EVEN GARBAGE IS CHARMING IN COSTA RICA
This is how we pay our ‘basura’ collector….with this shell.
We put 500 to 1,000 colones (about $1 to $2) in the shell and leave it on top of our bag.
If our neighbor gets there before we do, then he uses this shell and we use another one that is broken. This is obviously the preferred shell.
Many tourists who visit Costa Rica think that there is still too much garbage lying around, but the country has made a lot of progress from the first time I visited perhaps ten years ago when too many of the hillsides were cluttered with refuse. However, I must admit, I am particularly irritated by the 2 liter plastic bottles left behind by the local fishermen and visiting tourist alike. However, RECYCLING is here in a big way in Montezuma.
HIP TIP: Do the Earth and yourself a great favor. Buy a stainless steel bottle for your water and refill it, rather than buying plastic bottles. Not only can you flavor your water with limes, cucumbers and/or ginger, you can refrigerate it to keep your water very cold. You can even freeze it.
For us, garbage has a whole new meaning here in Costa Rica. It has become a pleasure.
We have a box that looks like a wooden frame where we put all of our vegetable and fruit scraps…to share with whomever wants it in the wild kingdom, be it the gentle agoutis, that look like large guinea pigs;
the cute but ferocious coati mundis;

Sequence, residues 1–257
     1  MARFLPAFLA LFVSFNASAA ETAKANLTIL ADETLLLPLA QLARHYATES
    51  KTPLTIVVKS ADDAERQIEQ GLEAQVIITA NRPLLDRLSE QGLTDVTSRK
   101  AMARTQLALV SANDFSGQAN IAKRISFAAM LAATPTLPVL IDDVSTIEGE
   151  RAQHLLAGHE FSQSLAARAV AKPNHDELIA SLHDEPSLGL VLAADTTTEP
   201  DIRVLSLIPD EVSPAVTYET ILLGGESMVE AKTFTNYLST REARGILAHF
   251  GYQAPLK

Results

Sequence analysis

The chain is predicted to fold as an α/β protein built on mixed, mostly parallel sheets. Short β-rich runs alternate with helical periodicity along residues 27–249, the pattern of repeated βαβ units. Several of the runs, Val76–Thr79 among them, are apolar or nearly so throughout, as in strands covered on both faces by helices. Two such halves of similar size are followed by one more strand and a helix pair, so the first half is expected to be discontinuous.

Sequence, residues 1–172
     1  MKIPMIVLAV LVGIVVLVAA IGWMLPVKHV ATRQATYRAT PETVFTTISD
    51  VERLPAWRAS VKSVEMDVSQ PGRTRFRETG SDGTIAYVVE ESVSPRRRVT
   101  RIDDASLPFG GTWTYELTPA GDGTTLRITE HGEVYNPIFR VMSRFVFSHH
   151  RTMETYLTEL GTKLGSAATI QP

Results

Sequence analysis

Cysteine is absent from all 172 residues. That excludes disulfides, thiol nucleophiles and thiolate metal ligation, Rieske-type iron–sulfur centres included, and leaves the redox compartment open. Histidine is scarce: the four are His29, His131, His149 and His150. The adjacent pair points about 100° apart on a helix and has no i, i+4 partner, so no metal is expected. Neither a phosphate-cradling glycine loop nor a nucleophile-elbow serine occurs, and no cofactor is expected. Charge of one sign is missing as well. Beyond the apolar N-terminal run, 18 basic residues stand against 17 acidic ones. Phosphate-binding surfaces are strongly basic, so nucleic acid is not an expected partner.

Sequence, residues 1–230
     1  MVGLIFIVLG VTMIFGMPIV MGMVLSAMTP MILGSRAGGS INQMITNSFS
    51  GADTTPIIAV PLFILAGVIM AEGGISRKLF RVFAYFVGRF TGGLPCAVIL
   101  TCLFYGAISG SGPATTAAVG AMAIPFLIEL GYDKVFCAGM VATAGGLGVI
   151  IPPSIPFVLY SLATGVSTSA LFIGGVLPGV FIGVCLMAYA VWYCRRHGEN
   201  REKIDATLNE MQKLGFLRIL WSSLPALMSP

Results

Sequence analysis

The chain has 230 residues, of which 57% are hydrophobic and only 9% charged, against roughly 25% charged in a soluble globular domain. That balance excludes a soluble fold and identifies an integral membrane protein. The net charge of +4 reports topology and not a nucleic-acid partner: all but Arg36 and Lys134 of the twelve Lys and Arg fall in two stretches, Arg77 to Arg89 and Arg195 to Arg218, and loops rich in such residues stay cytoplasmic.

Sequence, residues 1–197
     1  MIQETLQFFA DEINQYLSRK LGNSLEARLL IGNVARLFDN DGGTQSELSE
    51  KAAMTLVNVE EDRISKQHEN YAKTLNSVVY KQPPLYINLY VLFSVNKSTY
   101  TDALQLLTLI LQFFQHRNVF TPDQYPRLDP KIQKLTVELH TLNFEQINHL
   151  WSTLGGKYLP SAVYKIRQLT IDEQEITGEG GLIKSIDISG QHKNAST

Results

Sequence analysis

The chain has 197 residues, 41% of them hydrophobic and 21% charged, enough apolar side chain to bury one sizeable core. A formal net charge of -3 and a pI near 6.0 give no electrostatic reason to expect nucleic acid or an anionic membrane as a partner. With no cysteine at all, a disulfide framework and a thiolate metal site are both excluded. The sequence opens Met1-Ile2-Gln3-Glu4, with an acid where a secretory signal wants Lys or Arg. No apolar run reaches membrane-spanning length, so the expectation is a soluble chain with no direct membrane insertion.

the to die for darling capuchin monkeys;
ants and all manner of other guests. Egg shells are composted. Even bread scraps now go into the heap.
The compost box is just outside my kitchen window, so while I do the dishes, I can watch my visitors. Lately, the mama agouti has taken a liking to the wheat bread heels, as well as, of course, any banana scraps. The coati and the monkeys love the papaya rinds since we leave quite a bit of fruit, though at a great sacrifice. I solace myself with the knowledge that the next day’s papaya will be just as good.
What is left of our fish or chicken is thrown into our creek for the exotic tiger herons
and the raccoon.
Our bottles, cans, boxes, and plastic are recycled. We don’t have a car as yet (perhaps never), so we have to take the local bus to Montezuma, but it is just part of our weekly shopping day.
Then there is the garbage, garbage. There is, after all of this separation, there is very little left. We bag it (in a green bag that will decompose, of course) and set it out by the gate for Tino, our collector, with the money for the week in our beautiful shell — so much better than an envelope or wallet, don’t you think?